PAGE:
Here are some tips to help you make your way around the Bir area on foot, by bus, by taxi, or on bicycle.
Orientation to the Bir Area
First of all, if you aren’t familiar with the locations of the various villages and landmarks in the greater Bir area, see our Greater Bir Orientation to get your bearings.
On Foot: Walking Paths
The Bir area is so charming that one of the joys of getting around is doing so slowly, out in the open. The many villages and fields of greater Bir are interconnected by webs of walking trails. Do yourself (and the environment) a favor by getting out and walking as much as you can.
Approximate walking times:
- Between Bir proper (Upper Bir) and Tibetan Colony: ~20-25 minutes
- Between Chowgan Chowk and Tibetan Colony: ~10 minutes, along Chowgan Rd
- Between Bir proper and Ghornala: ~40-60 minutes on forest trails
- Between Tibetan Colony and Ghornala: ~50-70 minutes
- Between Tibetan Colony and Sherab Ling: ~50-70 minutes on forest trails, or around 60-80-minutes if walking along the road.
Buses: Up & Down the Hill
Buses ply the main north-south Bir Road fairly regularly, connecting Bir proper (Upper Bir) to the Bir Road turnoff on the NH20 (the highway). Following is an outline of the Bir Road bus route, showing the main stops. (If your destination is between two of the main stops, you can ask the driver or conductor to drop you off at any point along Bir Road.)
- Bir bus stand (Upper Bir main bazaar)
- Kotli (a village just below Bir proper)
- Upper Chowgan Road turnoff
- Chowgan Chowk* (intersection with Chowgan Road a.k.a. Colony Road)
- Bir Road market (at the turnoff from highway NH20)
* Note: the closest bus stop for the Tibetan Colony is at Chowgan Chowk, from where it’s around ten minutes to the Colony, give or take, on foot.
White compact taxis are usually in adequate supply in the Bir area, except when there are major events in town, at which time they can become scarce.
Where to Find Taxis in Greater Bir
- Bir proper: At the Upper Bir bus stand, in the centre of the main Bir bazaar.
- Tibetan Colony: In front of the bank in the small square in the centre of the colony.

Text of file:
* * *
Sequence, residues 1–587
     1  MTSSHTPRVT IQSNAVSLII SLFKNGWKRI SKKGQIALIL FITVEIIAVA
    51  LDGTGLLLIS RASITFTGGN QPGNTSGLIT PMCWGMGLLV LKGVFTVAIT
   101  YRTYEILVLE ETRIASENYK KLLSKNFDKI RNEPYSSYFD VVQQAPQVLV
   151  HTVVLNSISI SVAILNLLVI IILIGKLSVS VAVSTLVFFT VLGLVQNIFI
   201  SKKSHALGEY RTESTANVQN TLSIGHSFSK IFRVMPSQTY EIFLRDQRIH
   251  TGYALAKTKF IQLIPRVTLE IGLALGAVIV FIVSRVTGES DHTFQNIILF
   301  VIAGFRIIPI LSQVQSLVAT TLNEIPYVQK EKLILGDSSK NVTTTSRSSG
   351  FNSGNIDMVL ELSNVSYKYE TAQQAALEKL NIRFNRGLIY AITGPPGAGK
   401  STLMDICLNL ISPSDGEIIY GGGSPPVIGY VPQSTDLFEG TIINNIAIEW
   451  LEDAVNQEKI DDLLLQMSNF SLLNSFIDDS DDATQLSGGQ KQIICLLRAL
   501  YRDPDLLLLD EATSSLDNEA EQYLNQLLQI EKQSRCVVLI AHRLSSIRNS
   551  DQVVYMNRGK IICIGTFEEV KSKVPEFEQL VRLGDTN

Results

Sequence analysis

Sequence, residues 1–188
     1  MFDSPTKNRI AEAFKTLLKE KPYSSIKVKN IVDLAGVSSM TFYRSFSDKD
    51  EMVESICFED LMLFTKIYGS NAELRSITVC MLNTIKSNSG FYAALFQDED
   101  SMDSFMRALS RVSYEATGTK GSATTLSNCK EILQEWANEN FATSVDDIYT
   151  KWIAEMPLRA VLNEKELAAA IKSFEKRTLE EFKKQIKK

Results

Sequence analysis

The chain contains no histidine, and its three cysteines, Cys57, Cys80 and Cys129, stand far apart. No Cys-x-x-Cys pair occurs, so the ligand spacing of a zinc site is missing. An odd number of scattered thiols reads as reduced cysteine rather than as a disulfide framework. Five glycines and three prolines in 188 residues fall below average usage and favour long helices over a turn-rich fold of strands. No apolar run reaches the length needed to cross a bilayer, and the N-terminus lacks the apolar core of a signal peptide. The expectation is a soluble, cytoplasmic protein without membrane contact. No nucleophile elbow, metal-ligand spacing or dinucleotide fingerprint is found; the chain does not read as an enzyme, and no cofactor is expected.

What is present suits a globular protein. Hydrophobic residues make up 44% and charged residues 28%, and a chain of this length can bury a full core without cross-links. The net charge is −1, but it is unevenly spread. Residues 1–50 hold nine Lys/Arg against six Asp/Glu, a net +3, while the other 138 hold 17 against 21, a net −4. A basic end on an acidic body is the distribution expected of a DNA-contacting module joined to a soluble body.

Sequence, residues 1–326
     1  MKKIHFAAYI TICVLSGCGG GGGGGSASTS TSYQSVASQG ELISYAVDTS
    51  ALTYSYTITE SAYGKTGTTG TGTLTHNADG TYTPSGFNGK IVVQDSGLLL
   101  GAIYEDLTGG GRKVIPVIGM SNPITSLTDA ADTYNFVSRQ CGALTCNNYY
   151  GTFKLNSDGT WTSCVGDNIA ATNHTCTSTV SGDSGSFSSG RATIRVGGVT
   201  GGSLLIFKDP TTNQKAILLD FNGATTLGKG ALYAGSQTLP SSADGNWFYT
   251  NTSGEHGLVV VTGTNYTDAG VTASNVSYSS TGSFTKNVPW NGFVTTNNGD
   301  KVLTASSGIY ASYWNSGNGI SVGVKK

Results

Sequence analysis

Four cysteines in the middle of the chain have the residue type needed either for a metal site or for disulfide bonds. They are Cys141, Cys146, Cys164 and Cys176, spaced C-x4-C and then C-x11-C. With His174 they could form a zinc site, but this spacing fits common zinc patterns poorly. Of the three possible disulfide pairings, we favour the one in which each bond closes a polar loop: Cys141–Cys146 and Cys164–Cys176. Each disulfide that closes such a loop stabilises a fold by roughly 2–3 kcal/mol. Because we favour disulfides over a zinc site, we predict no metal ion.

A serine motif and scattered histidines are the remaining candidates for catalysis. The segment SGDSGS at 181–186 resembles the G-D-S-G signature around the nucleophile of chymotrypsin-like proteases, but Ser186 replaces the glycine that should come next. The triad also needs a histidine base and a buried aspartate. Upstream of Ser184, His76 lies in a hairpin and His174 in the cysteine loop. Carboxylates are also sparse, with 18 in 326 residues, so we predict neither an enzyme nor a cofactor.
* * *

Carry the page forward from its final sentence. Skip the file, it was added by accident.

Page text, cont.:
- Central Chowgan: Sometimes one can find a taxi or two sitting at Chowgan Chowk, the intersection of Bir Road and Chowgan (Colony) Road. If not, the Tibetan Colony is the closest (but a local shopkeeper could save you the walk by calling one).
- Bhattu: There is often at least one taxi in the parking lot at Sherab Ling Monastery. If not, ask someone in the office or the shop to call one for you.
- Ghornala: There is no taxi stand in Ghornala, but taxis can be arranged by phone.
Taxi Fares in Greater Bir
SPECIAL NOTE ON TAXI FARES: All prices are subject to change, but in India the rate of inflation is even higher than in many other places, and this particularly true for fuel prices. So, if your taxi driver happens to ask for 10-20 rupees more than the prices listed here, please don’t assume you’re being cheated: It may be the case that the standard rates have recently increased due to inflation and we simply haven’t updated this list yet. If unsure, ask politely if your driver will accept the lower price. If not, there’s a fair chance the going rate has gone up (and, if so, please post in the comments to let us know so we can keep this list updated).
That said, here are the going rates in as of early 2012:
- Between Upper Bir and Chowgan/Tibetan Colony: 5 minutes, Rs 50-60
- Between Bir Road and Chowgan/Tibetan Colony: 5 minutes, Rs 60-70
- Between Bir Road and Upper Bir: 10 minutes, Rs 90-100
- Between Upper Bir or the Tibetan Colony and Ghornala (for the Dharmalaya Institute): Rs 100 one-way or Rs 150 return
- Between Bir or the Tibetan Colony and Bhattu (Sherab Ling): Rs 100
All of Bir’s roads and many of its walking paths are also suitable for mountain biking. A few tips for cyclists:
- Always yield right of way to pedestrians, cars, and everything that moves. Locals aren’t used to cyclists and usually wouldn’t know what to expect, so it’s much safer to err on the safe side and always yield the right of way to others.
- Roads and paths in the region are more likely to have debris and other potential causes for flat tires. Keep tools and a spare tube with you if possible.
- If riding on the walking paths through the fields, don’t be tempted to let the stunning views keep your eyes off of the road in front of you. The walking paths often have breaks in them for irrigation channels, and it’s all too easy to look away at the wrong moment and hit one of those gaps… ouch!